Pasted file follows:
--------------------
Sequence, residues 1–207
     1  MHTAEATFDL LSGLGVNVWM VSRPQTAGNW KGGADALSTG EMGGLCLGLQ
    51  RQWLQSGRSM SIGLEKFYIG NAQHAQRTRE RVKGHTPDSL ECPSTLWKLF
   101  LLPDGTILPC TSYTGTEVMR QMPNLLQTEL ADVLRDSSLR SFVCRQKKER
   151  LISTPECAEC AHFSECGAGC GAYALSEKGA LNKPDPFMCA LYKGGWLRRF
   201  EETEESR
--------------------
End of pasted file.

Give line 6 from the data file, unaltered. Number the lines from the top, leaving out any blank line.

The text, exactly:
   201  EETEESR